Thomas v. Ross & Hardies, 9 F. Supp. 2d 547 (D. Md. 1998)

US District Court for the District of Maryland - 9 F. Supp. 2d 547 (D. Md. 1998)
June 10, 1998

9 F. Supp. 2d 547 (1998)

Lionel THOMAS, and Hazel Thomas, Plaintiffs,
ROSS & HARDIES, and Phoenix Financial Services, Inc., Defendants.

No. Civ.A. AW-97-2284.

United States District Court, D. Maryland.

June 10, 1998.

*548 *549 *550 Julian Karpoff, Arlington, VA, for Plaintiffs.

Jacob A. Stein, Washington, DC, for Defendant Ross & Hardies.


WILLIAMS, District Judge.

This case involves a complaint by home-owners who believe they were victimized by a scheme involving the diversion of mortgage proceeds. Currently pending before the Court is a motion to dismiss the second amended complaint filed by Defendant Ross & Hardies, a partnership law firm. A hearing was held in open court on November 24, 1997, and supplemental briefs were requested by the Court and received on May 1, 1998. For the reasons set forth below, the Court will deny Defendant's Motion.

Factual Background

"In considering a motion to dismiss, the complaint must be construed in the light most favorable to the plaintiffs, and its allegations taken as true." Finlator v. Powers, 902 F.2d 1158, 1160 (4th Cir. 1990) (citing Jenkins v. McKeithen, 395 U.S. 411, 421-22, 89 S. Ct. 1843, 23 L. Ed. 2d 404 (1969)). A summary of the factual allegations set forth by the second amended complaint ("complaint") is as follows.

Plaintiffs are individual residents of Maryland, and bring this suit against Ross & Hardies, a partnership law firm, and Phoenix Financial Services, Inc. ("Phoenix"), a mortgage brokerage business. The complaint largely concerns the involvement of an attorney named Steven P. Kersner ("Kersner") in a financial program called the "7.5% Program." At all times relevant to the Complaint, Kersner was a partner at Ross & Hardies.

In the fall of 1994, Kersner and Ross & Hardies were retained by a man named Michael Clott ("Clott"). Clott previously was convicted of RICO violations, transportation of stolen securities, and bank and mail fraud. Clott was released from prison on supervised release in May 1994, a few months before he retained Kersner and Ross & Hardies. Part of Clott's supervised release was a consent order whereby he agreed not to engage in the financial securities business in Maryland. Clott retained Kersner and Ross & Hardies to provide Clott's company, Capital Financial Group, Inc. ("Capital"), a legal framework in which Clott could conduct business in the *551 finance, securities, mortgage, and investment banking industries in Maryland.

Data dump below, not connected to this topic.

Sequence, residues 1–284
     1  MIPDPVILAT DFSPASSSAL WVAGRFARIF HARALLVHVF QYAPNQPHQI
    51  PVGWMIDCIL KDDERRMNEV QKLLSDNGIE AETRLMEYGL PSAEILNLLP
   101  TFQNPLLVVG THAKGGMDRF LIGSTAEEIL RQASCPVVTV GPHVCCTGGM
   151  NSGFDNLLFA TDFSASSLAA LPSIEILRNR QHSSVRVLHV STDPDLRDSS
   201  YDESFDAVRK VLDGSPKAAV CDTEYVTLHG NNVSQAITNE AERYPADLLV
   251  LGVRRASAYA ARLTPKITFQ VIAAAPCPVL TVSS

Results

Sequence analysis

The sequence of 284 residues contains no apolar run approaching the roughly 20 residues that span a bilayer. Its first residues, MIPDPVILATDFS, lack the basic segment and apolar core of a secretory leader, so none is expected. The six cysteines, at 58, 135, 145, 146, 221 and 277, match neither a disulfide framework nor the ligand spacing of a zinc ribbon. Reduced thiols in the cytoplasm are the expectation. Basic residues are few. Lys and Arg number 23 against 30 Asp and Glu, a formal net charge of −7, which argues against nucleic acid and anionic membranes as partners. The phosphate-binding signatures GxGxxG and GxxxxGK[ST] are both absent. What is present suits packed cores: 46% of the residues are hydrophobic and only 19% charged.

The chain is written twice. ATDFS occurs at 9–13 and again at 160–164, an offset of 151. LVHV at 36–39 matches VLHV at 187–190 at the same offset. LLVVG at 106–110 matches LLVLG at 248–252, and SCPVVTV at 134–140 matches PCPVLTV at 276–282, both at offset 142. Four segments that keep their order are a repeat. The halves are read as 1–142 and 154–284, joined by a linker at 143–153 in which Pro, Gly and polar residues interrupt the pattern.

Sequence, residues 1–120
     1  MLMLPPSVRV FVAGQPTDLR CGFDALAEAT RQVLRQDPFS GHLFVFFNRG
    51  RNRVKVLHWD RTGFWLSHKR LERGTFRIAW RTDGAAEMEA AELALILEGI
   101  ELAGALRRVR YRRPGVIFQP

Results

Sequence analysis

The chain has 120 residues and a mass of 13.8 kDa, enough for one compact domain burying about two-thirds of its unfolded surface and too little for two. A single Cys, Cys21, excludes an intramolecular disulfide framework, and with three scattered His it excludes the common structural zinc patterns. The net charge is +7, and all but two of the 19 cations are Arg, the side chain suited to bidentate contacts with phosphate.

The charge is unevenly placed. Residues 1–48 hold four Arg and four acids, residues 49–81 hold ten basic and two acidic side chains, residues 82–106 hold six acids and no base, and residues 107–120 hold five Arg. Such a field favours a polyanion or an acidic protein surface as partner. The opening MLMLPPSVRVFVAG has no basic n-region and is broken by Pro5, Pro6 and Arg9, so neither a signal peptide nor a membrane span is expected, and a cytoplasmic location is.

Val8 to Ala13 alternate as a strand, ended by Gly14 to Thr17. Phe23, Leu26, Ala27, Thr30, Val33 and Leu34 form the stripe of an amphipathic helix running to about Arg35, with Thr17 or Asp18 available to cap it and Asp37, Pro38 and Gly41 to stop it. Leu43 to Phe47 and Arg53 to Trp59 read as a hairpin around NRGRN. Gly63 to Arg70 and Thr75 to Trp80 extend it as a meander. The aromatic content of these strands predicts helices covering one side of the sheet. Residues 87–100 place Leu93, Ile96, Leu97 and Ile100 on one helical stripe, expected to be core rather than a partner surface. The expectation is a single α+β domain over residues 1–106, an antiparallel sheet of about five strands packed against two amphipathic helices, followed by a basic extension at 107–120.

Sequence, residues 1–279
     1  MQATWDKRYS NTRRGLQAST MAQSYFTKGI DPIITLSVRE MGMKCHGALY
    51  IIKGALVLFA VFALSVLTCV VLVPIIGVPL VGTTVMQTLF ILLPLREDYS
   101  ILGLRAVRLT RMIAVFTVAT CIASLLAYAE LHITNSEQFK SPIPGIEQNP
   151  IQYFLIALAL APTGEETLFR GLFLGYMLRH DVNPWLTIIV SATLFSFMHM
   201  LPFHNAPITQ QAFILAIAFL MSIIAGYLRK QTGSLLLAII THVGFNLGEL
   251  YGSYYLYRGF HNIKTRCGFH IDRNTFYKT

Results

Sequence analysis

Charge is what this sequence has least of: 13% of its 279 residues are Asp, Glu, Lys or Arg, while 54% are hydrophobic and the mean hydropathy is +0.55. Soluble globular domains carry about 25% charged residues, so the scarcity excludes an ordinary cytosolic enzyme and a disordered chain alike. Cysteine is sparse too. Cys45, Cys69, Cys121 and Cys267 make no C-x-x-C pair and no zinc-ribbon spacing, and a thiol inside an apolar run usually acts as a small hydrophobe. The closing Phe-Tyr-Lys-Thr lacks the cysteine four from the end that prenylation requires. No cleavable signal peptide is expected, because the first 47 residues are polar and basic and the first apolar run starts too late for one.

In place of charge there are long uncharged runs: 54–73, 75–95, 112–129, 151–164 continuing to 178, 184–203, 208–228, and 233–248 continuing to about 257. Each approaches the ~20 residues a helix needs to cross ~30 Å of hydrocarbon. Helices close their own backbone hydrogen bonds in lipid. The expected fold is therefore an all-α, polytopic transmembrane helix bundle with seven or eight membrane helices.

In September 1994 Clott, acting through Capital, began a business relationship with Defendant Phoenix, which was in the mortgage brokerage business. Clott persuaded Phoenix and its owner and founder, Shirley Binion ("Binion"), to assist Clott in marketing his 7.5% Program ("Program") and to participate in the Program. Clott told Binion that the 7.5% Program worked as follows: Binion would help Clott solicit minority homeowners for the Program. The homeowners would mortgage their homes from third party mortgage companies for the maximum amount possible. The homeowners would then turn the proceeds of the mortgages over to Phoenix and Phoenix would then either pay off each mortgage in full or would purchase it from the mortgage company. In exchange for doing this, Phoenix would grant the homeowners a line of credit with a 7.5% interest rate. The rate would stay at 7.5% regardless of increases in the prevailing market rate. The homeowners were free to access the line of credit as frequently or infrequently as they wished, and could choose to never utilize it at all.

The gravamen of the complaint is that the 7.5% Program was a fraud. While homeowners did take out mortgages and turned proceeds over to Phoenix, the money was never used to pay off the mortgages and the homeowners never had access to lines of credit. Instead, the complaint alleges that Clott diverted the money and the homeowners were left with significant mortgages on their property. The scheme fell apart sometime during the summer of 1995, and both Clott and Kersner pled guilty to felony charges brought by the United States Attorney's office. Counsel informed the Court during oral argument that the two were confined to jail at least as of the date of oral argument.

Most relevant to the pending motion are the allegations as to the involvement of Kersner and Ross & Hardies. According to the complaint, Kersner was active in directing the operation of the Program, and allegedly played a key role in lending it credibility. He spoke with Binion early on, assuring her that he would "check, approve, and `okay' everything that Clott advised her to do, so she would not have to be concerned about the appropriateness and legality of any transaction he suggested." Sec.Am.Compl. ¶ 12. Once the scheme began, the complaint alleges that Kersner led Binion to believe that he and Ross & Hardies were providing Phoenix with legal representation concerning the operation of the Program, that this belief was essential in Binion's marketing of the Program, and that Kersner represented to some of the homeowners that he represented Phoenix. Sec.Am.Compl. ¶¶ 15-16.